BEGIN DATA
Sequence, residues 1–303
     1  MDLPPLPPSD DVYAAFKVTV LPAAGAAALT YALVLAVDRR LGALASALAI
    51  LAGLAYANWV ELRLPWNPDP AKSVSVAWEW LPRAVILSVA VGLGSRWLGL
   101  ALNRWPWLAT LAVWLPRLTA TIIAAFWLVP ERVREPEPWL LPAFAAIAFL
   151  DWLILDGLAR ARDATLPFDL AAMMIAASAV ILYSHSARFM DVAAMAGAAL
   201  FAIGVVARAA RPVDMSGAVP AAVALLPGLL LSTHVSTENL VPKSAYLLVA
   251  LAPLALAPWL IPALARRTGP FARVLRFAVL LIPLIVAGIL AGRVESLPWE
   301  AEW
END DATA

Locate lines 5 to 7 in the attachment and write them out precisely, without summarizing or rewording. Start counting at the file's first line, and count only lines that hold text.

   151  DWLILDGLAR ARDATLPFDL AAMMIAASAV ILYSHSARFM DVAAMAGAAL
   201  FAIGVVARAA RPVDMSGAVP AAVALLPGLL LSTHVSTENL VPKSAYLLVA
   251  LAPLALAPWL IPALARRTGP FARVLRFAVL LIPLIVAGIL AGRVESLPWE